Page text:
Atlanta’s Oakland Cemetery is the final resting place of many famous figures of Buckhead’s history. David Moore, director emeritus of the Historic Oakland Cemetery Foundation, will talk about some of them in a free, live-streamed presentation to the Buckhead Heritage Society on April 8 at 7 p.m. For registration and details, see buckheadheritage.com/events.
You’re going to be talking about famous people from Buckhead, some of whom were also notorious.
I’m going to do a presentation on Oakland Cemetery that includes a little bit of everything. I’m still doing research on people that have a Buckhead connection and the obvious ones are of course people like [bank and railroad founder] Alfred Austell and [golfer and Masters Tournament co-founder] Bobby Jones, but there are a fair amount of folks whom we could make a stretch and say are infamous. There is some murder and mayhem associated with some of our residents, and everybody loves a good mystery, murder and mayhem story, so I will try to sprinkle those in without necessarily divulging who they are.
Your own family has connections to Buckhead going back a long time. Didn’t a grandfather of yours have a mill on Peachtree Creek?
Thomas Moore was my great-great-grandfather, and he came here from Abbeville, South Carolina. He did run a grist and produced lumber, and corn and meal grinded by a millstone. It was there on Peachtree Creek where Moores Mill Road and West Wesley Road exist today. He married a woman named Elizabeth DeFoor. She was the daughter of Martin and Martha DeFoor, who were the recipients of a terrible and brutal murder in the late 1800s. They had their heads almost chopped off by an assailant while they slept. It’s a Buckhead murder that’s never been solved.
Can you give us the gist of the importance of Oakland Cemetery to the history of Buckhead?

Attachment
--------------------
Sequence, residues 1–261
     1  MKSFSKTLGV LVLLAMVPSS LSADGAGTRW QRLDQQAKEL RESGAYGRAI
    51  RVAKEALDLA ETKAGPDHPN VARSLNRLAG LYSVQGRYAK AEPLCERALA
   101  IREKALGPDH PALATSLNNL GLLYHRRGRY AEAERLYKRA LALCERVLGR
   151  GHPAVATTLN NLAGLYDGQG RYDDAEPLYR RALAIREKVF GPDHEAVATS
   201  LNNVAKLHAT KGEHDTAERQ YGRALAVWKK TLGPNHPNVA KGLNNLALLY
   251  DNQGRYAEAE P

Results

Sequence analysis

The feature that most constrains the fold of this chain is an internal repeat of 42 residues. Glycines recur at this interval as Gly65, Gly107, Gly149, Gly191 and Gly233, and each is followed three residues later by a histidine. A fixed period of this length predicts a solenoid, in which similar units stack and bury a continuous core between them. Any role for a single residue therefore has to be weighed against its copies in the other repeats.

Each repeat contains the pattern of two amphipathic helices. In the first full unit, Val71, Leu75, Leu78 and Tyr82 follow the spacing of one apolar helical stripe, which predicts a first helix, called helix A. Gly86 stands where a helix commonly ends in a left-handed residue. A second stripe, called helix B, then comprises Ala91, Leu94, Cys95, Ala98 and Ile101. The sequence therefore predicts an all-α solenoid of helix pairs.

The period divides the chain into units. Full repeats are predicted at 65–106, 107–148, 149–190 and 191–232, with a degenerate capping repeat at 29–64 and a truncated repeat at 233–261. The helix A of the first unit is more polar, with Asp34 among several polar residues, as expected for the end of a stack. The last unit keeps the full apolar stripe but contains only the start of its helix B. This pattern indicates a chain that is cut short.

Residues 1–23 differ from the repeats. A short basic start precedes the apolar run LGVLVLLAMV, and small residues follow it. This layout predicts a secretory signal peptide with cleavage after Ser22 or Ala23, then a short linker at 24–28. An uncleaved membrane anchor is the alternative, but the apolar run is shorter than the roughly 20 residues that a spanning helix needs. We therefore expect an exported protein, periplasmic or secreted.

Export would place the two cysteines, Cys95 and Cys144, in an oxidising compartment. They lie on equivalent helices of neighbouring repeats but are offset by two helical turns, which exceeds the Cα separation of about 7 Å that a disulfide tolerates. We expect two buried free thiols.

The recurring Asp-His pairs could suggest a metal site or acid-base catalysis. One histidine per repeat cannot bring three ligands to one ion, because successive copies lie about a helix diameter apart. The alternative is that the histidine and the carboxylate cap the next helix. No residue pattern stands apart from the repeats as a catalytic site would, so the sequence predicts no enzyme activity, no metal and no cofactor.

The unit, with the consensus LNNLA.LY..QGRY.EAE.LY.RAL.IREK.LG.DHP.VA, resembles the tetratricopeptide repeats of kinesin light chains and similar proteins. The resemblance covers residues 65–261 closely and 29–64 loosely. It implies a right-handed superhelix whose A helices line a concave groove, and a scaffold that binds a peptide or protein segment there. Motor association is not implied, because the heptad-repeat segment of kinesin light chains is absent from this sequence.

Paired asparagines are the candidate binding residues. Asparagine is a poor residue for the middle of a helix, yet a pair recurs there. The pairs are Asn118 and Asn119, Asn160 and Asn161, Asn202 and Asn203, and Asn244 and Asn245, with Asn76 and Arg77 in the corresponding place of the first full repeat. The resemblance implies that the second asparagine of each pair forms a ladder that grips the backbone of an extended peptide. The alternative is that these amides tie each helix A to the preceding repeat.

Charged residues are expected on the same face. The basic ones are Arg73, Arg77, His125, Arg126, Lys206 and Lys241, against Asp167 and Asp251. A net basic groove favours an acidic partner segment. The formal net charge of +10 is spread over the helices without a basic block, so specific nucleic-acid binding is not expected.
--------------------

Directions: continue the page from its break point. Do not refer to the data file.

Oakland pretty much holds the history of our city. Many of the folks who are buried there are pioneers that paved the paths on which we walk today, and even though Atlanta was a very small community when Oakland was founded in 1850 — there were probably only 2,600 people living in Atlanta at the time — many of the folks buried there do have connections to the Buckhead community. Some of the more prominent folks had lovely homes along Peachtree Road. They had deep roots in Buckhead, and of course so did [“Gone with the Wind” author] Margaret Mitchell, and there will be others as well. I do want to try and make that Buckhead connection, but as I said, Oakland was the burial ground for everyone. It didn’t matter if you owned the railroad or rode the railroad or slept under the railroad. They even had a section — the old Slave Square — that later became a paupers’ ground, so we do have an African American section that was segregated, yet it’s still part of the cemetery as a whole. And there are some people buried in that section that I’m sure have some connection to what we know as Buckhead today.
There is a photo of you online sitting in some sort of cart at the cemetery. Can you explain that?
The reason I’m sitting in the cart is that I’m an actor — well, more of a big ham than an actor — and I’m capturing the spirit of Oakland on our Halloween tours that are designed to enlighten. We have characters we’ve researched that come back to life, and we tell our visitors of their place in Atlanta history, and we have these characters standing, or my case sitting, at or about the gravesite. This particular person was known as the Goat Man; his name was William Jasper Franklin. He was one of those characters just hanging around downtown Atlanta who was often found at the courthouse steps selling pencils. He had meningitis as a kid which is why he couldn’t walk, so he used a cart that was hauled around by a goat named Pete. He became somewhat annoying to some of the politicians because they said his goat smelled bad and he was bothering folks, so they banned him from being on the street. He had quite a following.